Moreover vulnerability to weather shocks; poor management of land, water and soils; low adoption of agricultural technologies; low access to finance and farm inputs; low mechanization and technical labor skills; a limited irrigation system and weak linkages to markets make life difficult for smallholder farmers. Therefore poor farmers practice subsistence agriculture and usually have a hand to mouth living. Their annual year’s income is dependent on seasons. Any changes in the rainfall and temperature extremes can impact the crop production and adversely impact their livelihoods. Since they do not have alternate sources of income as a coping mechanism, they are often forced to sell their assets such as livestocks, lands, or migrate in urban areas, where they have to settle in marginal and highly vulnerable areas.
The Government of Tanzania (GoT), together with development partners and commercial agribusiness investors, is working to address these challenges by creating stronger links between commercial and smallholder farming, and by developing more accessible routes to market for agribusinesses. This is due to smallholder crop farmers’ limited access to modern farm technologies and inputs, inadequate storage infrastructure, high transport and marketing costs, low technology adoption, and lack of affordable inputs such as improved seed and quality fertilizer.
Tanzania is still testing how business is done in a free market. These kind of companies and other private agribusiness stakeholders strategically were established to develop competitive industries around key crops, including cash crops such as cocoa and coffee and staples such as maize and rice, as well as horticulture and many others. The aims was to promote farmers make the transition from subsistence to commercial production, assisting processors to improve operations and identifying opportunities for investment in agriculture.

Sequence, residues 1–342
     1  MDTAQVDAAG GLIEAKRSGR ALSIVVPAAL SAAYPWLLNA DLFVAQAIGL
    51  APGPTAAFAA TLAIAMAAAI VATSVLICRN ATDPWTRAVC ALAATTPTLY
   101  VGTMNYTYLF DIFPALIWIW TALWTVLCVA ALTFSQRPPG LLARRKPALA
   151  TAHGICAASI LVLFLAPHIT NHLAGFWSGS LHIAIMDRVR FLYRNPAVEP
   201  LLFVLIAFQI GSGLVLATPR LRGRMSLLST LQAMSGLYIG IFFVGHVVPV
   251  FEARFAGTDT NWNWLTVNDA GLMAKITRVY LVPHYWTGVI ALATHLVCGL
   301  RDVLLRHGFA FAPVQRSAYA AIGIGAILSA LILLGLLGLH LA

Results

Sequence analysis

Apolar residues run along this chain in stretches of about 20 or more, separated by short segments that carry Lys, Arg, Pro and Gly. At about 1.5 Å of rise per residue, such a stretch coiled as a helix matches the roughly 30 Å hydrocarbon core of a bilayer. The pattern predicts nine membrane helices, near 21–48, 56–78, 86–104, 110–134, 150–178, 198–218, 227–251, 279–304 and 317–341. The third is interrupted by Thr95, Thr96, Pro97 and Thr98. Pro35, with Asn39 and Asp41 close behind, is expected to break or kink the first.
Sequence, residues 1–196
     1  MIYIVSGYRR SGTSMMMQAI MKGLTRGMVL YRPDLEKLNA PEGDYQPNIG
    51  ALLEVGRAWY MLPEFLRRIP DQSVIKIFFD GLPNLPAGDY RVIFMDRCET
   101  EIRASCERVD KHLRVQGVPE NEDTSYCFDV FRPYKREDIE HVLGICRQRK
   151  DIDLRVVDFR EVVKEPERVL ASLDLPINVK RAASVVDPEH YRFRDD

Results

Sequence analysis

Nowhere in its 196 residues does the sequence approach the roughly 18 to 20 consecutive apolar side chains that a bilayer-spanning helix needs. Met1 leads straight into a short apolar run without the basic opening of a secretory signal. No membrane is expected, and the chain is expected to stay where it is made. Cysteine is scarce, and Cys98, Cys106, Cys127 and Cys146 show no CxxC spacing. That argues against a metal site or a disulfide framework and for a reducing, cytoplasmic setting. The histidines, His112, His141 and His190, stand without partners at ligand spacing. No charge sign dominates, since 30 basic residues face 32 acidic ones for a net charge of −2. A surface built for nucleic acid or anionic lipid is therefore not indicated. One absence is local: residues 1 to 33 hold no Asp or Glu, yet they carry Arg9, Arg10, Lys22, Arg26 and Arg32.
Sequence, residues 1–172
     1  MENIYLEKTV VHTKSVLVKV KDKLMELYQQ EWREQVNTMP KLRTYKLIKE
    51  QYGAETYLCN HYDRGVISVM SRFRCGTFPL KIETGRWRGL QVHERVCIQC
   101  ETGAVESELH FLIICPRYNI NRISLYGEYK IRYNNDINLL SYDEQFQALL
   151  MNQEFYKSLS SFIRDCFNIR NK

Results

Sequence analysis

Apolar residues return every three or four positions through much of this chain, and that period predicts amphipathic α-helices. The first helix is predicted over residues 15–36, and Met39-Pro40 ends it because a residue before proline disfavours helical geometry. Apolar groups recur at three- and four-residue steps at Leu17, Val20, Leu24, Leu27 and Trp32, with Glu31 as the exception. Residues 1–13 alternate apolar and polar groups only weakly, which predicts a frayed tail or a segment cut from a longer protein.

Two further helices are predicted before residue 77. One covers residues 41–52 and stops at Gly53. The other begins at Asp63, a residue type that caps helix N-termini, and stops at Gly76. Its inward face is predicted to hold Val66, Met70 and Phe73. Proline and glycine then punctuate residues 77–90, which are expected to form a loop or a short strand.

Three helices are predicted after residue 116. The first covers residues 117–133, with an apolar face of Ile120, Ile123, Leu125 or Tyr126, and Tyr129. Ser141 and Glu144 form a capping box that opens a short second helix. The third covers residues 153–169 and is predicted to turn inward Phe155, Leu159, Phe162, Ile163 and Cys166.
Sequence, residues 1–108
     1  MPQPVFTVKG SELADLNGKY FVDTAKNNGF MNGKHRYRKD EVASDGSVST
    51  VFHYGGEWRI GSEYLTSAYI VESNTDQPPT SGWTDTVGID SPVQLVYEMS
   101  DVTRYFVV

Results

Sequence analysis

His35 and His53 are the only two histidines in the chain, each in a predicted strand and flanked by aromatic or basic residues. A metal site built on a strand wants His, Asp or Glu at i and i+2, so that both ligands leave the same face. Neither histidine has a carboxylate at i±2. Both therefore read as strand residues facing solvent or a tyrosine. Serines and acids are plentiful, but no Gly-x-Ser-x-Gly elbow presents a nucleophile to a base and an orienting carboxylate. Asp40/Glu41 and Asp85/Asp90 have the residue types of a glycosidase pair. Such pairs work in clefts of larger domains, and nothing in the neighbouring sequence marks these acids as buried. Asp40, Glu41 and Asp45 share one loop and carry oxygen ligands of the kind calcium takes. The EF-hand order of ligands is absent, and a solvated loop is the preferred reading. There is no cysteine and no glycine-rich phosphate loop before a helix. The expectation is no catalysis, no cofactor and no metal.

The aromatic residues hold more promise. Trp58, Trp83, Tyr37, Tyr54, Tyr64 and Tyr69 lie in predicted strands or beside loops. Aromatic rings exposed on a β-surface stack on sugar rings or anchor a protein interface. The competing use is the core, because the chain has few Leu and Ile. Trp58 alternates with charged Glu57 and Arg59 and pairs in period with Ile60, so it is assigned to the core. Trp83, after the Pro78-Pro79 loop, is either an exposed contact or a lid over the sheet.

While over 75 percent of Tanzania’s residents live in rural areas, work primarily in the agricultural sector and lack access to information, technology and markets: Therefore the evegrowing competition from these companies and agribusiness monopolists associated with financial, environmental and other risks make the smallholder and subsistence farmers to suffer the most.
The war of aggression in Ukraine caused by Russia could cause the country to fail as a global wheat supplier. This could particularly affect Africa. Although agricultural production on the African continent could be increased overall, per capita food supply from local sources is stagnating. Per capita, the food supply from local sources is stagnating, as the population is also growing. Around one fifth of the African population is still considered undernourished.
On the other hand, there is an enormous potential of usable land or land that still has to be used. There are some constraints. These include low productivity, little market orientation and always high post-harvest losses due to the lack of and poor storage and transport facilities. Solutions can only come from a combination of factors, such as technical improvements, financing opportunities and greater agricultural know-how. African women, who often cultivate land of less than one hectare, have a very significant influence here.
Author: David Suddy
Comment: Dr. Thomas Isenburg